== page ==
Maternal environment and population influenced time to germination as well (Table 3). Large seed weight was associated with earlier germination (linear regression b = −0.86, d.f. = 1, P < 0.01). There was no significant effect of offspring environment on time to germination and no significant interactions between main effects (Table 3). Plants from the sandhills population germinated earliest (8.7 days ± 0.61 SE), the dunes population was intermediate (10.2 days ± 0.59 SE), and the inland plants had the longest mean time to germination (12.4 days ± 0.55 SE). In the overall statistical model, and in subsequent analyses with seed weight and time to germination as covariates, all assumptions of equality of slopes were met.

Table 3.  Analysis of covariance on time to germination.
Source of variationd.f.MSF-ratioP-value
  1. Seed weight was used as the covariate.

Seed weight1693.869.100.0027
Maternal environment2249.823.240.0384
Population2788.9410.35<0.0001
Offspring environment12.820.040.8475
Maternal environment × population4138.621.820.1236
Maternal environment × offspring environment274.020.970.3793
Population × offspring environment250.000.660.5194
Maternal environment × population × offspring environment464.560.850.4958
Error64376.24  

Maternal environment had no effect on seedling biomass, but offspring environment did have a significant effect (Table 4). The biomass of plants grown in clay soil was larger (0.14 g ± 0.003 SE, 0.06 g ± 0.003 SE). This result contrasts with the results for germination probability and time to germination, where maternal environment had stronger effects and the offspring environment was unimportant. Seed weight and time to germination also influenced seedling biomass. Larger seeds grew into larger plants (linear regression b = 0.15, d.f. = 1, P < 0.0001), and plants that germinated earlier were larger (linear regression b = 0.05, d.f. = 1, P < 0.0001).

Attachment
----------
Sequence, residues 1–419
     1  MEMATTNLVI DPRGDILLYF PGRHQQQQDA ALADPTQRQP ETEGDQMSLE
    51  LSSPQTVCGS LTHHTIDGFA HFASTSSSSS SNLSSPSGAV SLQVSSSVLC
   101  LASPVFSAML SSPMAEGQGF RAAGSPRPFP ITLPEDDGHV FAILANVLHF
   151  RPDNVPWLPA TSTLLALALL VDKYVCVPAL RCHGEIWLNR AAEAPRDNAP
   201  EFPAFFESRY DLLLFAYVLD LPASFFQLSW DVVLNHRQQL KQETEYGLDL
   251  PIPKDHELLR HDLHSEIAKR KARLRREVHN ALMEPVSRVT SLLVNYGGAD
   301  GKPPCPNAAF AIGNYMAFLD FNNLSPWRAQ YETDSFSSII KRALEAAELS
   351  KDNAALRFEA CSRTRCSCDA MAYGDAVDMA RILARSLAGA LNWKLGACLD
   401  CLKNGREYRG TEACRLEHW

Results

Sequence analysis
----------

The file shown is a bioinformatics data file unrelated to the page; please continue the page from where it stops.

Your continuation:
Table 4.  Analysis of covariance of seedling biomass.
Source of variationd.f.MSF-ratioP-value
  1. Seed weight and time to germination were used as covariates. Biomass was natural log transformed prior to analysis.

Seed weight15.619.220.0025
Time to germination1107.24176.33<0.0001
Maternal environment20.270.440.6418
Population20.550.910.4025
Offspring environment1164.96271.25<0.0001
Maternal environment × population40.460.760.5532
Maternal environment × offspring environment20.250.430.6539
Population × offspring environment20.831.370.2560
Maternal environment × population × offspring environment40.300.490.7409
Error5750.61  

Not including seed weight or time to germination as covariates led to similar qualitative results to analyses that included these covariates. The only exception was a significant effect of population on time to germination and seedling biomass. Consequently we do not present these results.

Discussion

  1. Top of page
  2. Abstract
  3. Introduction
  4. Materials and methods
  5. Experimental procedures
  6. Data analysis
  7. Results
  8. Discussion
  9. Acknowledgments
  10. References

We found significant population variation for EME on seed weight and germination indicated by the maternal environment by population interaction (Tables 1 and 2). We observed large differences among populations in the weight of seeds produced and in rates of seed germination. Maternal environment and population effects were not significant for time to germination and seedling biomass. Finally, maternal effects that influenced seedling traits acted beyond the influence of seed weight.